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Miami Water & The World

August 8, 2009

Dear PURRE Members:

The below blog entry from the University of Miami School of Communication discusses the effects of pollution on the J.N. Ding Darling National Wildlife Refuge; PURRE's efforts and Chairman Michael Valiquette are featured. This is a good reminder that the devastation of the past is not yet cleaned up - in fact, long-term consequences remain unknown - and that another strong algae outburst "could be disastrous" for the refuge according to its deputy manager.

University of Miami School of Communication

Joseph B. Treaster: Water and the World
A Continuing Discussion on Water and People on a Warming Planet

July 9, 2009
Florida Wildlife Refuge Struggles With Pollution But Still Beguiles
Published by Joseph B. Treaster
SANIBEL ISLAND, Fla.–Just a few yards inside the gate, my wife spotted an Ibis—pure white with long pink spindly legs, curved beak—poking around in the mangrove for a meal. A little further along in the  J.N. “Ding” Darling National Wildlife Refuge we saw a great blue heron and four egrets out on a sandbar with a thin covering of water.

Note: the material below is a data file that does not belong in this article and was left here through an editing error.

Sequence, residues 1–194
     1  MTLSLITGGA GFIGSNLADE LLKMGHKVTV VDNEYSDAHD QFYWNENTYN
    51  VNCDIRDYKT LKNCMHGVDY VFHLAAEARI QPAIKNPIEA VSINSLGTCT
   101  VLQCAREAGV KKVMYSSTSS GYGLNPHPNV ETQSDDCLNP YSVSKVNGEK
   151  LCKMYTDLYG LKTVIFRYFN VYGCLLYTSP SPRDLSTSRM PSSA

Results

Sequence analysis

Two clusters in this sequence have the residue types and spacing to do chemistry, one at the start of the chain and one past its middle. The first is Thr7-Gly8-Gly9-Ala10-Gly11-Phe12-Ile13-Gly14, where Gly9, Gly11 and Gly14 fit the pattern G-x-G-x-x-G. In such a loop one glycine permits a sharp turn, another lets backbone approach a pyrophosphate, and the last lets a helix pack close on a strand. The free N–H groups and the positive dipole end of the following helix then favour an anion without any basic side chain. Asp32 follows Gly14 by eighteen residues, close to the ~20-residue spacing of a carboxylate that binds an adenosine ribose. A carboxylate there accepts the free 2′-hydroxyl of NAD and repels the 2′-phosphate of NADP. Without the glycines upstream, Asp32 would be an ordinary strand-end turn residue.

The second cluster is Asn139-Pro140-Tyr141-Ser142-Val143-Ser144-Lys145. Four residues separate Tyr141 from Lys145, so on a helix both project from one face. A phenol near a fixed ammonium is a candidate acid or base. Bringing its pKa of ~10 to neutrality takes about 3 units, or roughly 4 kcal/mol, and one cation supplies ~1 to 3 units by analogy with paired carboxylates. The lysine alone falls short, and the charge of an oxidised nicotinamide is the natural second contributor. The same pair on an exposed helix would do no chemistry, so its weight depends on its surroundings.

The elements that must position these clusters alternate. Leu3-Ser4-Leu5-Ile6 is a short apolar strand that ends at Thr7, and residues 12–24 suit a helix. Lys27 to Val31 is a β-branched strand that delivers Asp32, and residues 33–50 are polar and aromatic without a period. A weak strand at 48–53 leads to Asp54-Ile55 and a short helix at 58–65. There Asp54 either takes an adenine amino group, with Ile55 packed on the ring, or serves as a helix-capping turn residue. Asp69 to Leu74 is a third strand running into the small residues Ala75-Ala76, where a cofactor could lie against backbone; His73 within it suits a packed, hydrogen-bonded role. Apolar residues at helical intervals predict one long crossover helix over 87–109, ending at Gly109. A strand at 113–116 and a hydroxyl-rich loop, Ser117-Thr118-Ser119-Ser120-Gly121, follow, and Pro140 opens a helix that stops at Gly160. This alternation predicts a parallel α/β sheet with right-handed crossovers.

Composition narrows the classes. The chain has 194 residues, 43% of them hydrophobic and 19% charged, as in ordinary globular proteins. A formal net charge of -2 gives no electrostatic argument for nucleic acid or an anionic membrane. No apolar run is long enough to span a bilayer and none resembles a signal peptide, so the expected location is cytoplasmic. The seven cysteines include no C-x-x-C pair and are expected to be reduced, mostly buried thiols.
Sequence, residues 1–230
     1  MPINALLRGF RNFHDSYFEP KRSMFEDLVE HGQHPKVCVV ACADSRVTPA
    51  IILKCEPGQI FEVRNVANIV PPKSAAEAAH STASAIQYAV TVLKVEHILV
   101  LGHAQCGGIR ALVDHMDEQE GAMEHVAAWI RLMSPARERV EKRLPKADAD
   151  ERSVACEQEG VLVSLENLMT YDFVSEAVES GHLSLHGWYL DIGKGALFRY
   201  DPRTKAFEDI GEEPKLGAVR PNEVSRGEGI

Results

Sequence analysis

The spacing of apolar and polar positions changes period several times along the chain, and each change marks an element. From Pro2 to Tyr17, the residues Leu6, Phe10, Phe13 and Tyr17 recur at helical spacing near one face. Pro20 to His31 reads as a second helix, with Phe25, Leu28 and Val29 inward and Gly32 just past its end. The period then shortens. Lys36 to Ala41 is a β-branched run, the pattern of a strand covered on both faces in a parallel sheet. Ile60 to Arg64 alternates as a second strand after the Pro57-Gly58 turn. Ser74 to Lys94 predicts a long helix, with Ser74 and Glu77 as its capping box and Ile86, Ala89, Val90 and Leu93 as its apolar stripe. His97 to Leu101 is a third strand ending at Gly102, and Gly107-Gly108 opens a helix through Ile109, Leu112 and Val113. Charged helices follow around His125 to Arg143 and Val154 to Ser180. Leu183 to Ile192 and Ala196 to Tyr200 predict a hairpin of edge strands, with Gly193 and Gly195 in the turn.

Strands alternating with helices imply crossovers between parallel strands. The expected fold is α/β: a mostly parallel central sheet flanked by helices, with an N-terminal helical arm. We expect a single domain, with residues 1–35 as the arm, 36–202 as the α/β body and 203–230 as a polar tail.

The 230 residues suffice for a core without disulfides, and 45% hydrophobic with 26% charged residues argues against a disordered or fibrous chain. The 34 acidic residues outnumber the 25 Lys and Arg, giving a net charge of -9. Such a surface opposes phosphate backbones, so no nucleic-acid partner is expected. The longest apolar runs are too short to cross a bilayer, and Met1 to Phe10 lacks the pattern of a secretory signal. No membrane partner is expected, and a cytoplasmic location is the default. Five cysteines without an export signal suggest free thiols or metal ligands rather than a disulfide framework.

The tide was running out and soon the sandbar would break the surface and begin baking in the hot Florida sun. The birds would move on, lifting off in the warm, moist air like graceful ballerinas, in no hurry, going no place in particular.

We were taking the paved gravel road through Ding Darling out of season and at an ill-advised time of day, neither early morning nor early evening. Yet we were seeing a sizeable swath of mangrove and tropical greenery not far from Fort Myers on the west coast of Florida that seemed as wild as what the pioneers came across more than 130 years ago.

A black anhinga, just back from diving for a mullet, perched on a nearly submerged bit of mangrove and spread its wings to dry in the streaming sunlight. A young roseate spoonbill, with a long white neck and pink-streaked feathers spreading over its fuselage, dipped its head into the salt water.I’ve been coming to Ding Darling for years and it has always been a treat. But the 6,400-acre refuge has struggled with severe pollution.